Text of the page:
The fakes, that is. I went out yesterday looking for Shanghai's XiangYang clothing market, a rat's nest of piracy and counterfeiting (and hence, very popular with tourists), only to discover it had recently been torn down. No matter, there were several people on hand only too willing to lead me to the fake watches, bags, shoes, and shirts I desired.
On this visit I was particularly impressed with the quality of the watches and shoes. I actually shelled out $30 for a fake rolex, because I was so impressed that it actually had a self-winding mechanism, and I honestly could not tell it apart from my dad's rolex (same model), and I am eager to put them side by side for a comparison.
Later, it even occured to me that I should go to the Rolex shop in Beijing and ask them how I can tell a real Rolex from these high-quality fakes (buy it in a Rolex shop?). Maybe I can even turn the whole thing into an article of countereits and try in get it published in an expat magazine (wheels turning. . .).
Oddly enough, one of the screws in the watch band came off in my pocket as I was walking back to the hotel. No matter to me, since the band was too large anyway, and I need one or two links removed, but it struck me as very odd. The band is certainly not the costliest or most complex part of faking a Rolex, so why skimp on that part (if it indeed was something more than just that the screw was not put in properly)? Wouldn't you want to invest the extra fifty cents to preserve the illusion of quality for at least a while?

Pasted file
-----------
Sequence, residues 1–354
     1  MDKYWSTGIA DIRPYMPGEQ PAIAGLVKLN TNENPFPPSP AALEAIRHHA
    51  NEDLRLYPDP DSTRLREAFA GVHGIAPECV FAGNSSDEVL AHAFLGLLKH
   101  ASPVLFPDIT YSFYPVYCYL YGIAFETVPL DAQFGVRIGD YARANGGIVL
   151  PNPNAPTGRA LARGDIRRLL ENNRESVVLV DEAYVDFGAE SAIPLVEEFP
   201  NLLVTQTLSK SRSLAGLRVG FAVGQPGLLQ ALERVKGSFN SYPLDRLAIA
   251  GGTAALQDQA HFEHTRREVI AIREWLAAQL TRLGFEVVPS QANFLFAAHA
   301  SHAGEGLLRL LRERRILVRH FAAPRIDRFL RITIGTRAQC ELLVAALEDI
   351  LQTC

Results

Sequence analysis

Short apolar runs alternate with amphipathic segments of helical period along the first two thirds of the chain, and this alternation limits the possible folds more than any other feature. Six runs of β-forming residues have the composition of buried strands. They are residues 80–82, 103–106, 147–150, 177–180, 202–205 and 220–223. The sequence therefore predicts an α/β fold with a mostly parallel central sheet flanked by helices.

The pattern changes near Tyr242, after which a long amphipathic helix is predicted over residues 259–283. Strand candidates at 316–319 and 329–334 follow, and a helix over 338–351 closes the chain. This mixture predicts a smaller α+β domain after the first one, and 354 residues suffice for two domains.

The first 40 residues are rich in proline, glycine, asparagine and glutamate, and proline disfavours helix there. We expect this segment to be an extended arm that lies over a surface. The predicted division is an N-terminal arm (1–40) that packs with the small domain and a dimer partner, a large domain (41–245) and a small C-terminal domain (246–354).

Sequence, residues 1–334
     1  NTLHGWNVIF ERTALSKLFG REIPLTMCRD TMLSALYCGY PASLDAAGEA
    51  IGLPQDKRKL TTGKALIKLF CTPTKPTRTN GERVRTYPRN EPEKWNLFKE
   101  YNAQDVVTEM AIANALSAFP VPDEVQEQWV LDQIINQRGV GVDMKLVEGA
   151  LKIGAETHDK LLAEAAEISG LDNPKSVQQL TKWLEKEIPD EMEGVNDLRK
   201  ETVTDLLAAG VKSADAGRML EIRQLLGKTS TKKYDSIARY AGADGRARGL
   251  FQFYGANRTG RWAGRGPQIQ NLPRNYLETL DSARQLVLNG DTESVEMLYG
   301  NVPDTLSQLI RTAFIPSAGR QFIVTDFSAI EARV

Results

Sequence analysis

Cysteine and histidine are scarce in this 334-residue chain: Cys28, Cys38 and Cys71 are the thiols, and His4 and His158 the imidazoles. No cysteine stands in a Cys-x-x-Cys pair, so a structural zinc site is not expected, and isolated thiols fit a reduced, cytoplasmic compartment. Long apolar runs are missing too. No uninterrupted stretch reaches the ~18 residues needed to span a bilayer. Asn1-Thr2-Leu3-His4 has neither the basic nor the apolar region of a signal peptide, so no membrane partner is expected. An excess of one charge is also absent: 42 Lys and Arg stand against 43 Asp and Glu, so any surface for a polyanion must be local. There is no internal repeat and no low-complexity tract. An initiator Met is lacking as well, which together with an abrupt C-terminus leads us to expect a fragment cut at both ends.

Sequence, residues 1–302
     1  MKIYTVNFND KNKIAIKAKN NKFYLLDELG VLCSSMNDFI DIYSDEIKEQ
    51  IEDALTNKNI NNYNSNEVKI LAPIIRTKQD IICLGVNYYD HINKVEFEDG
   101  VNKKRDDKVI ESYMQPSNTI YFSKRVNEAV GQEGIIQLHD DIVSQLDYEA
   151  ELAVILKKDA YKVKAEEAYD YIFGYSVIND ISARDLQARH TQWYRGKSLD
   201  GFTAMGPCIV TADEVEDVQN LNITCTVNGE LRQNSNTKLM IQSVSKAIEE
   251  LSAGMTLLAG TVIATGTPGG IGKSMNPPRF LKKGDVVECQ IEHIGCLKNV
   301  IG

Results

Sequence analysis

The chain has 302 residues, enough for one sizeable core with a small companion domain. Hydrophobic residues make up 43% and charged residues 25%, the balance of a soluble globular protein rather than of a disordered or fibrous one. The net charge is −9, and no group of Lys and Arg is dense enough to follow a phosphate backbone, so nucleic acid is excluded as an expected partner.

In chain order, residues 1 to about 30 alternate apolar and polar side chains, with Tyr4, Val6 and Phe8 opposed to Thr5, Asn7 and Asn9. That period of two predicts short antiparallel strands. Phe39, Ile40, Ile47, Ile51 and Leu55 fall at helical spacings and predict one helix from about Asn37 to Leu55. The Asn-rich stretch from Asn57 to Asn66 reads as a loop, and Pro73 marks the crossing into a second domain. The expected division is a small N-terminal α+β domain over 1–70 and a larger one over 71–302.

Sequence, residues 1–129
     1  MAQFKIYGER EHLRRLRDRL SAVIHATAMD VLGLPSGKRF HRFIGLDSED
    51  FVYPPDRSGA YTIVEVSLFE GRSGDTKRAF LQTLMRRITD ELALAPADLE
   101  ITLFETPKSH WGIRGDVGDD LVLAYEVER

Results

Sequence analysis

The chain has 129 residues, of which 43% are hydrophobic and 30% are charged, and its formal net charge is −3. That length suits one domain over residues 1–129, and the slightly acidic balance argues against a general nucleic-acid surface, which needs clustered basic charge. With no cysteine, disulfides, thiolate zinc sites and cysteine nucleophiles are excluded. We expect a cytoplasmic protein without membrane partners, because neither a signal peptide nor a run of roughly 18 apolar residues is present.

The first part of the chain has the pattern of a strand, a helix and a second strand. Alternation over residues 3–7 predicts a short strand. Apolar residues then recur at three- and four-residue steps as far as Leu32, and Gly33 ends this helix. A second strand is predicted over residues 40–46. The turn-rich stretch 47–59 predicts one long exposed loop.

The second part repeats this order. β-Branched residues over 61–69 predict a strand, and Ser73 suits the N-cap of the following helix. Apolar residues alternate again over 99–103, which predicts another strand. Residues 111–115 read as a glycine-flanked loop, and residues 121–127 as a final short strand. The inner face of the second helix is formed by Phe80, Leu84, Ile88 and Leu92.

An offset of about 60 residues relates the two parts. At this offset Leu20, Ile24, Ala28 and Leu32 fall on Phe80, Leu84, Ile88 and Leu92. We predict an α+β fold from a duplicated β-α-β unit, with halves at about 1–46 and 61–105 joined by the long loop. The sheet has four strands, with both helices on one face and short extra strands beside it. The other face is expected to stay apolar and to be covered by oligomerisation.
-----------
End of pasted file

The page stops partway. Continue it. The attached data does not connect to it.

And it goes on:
I also picked up a pair of fake Ferragamo loafers for $30, we'll see how they hold up. They seemed to be using at least OK quality leather (to my very untrained eye and touch), and the stitching seemed secure and even. Only time will tell. Oddly, similar looking shoes from no-name Chinese brands cost more in the shops I've seen, but maybe that's because of the cost of actually renting storefront space instead of selling out of a back-alley apartment.